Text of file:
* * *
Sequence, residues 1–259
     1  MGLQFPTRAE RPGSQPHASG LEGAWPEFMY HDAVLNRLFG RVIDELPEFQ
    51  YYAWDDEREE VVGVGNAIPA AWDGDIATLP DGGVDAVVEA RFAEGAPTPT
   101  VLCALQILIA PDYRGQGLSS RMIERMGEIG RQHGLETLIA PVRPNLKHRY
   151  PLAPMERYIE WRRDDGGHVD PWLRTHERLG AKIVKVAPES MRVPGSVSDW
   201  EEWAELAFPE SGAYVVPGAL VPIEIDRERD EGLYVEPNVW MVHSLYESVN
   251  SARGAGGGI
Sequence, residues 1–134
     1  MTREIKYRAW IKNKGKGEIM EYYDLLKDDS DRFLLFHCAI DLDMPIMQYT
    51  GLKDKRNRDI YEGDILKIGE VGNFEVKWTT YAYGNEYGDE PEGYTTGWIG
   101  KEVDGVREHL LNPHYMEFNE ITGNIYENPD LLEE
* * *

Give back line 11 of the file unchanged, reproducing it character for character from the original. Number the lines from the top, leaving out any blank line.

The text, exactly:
   101  KEVDGVREHL LNPHYMEFNE ITGNIYENPD LLEE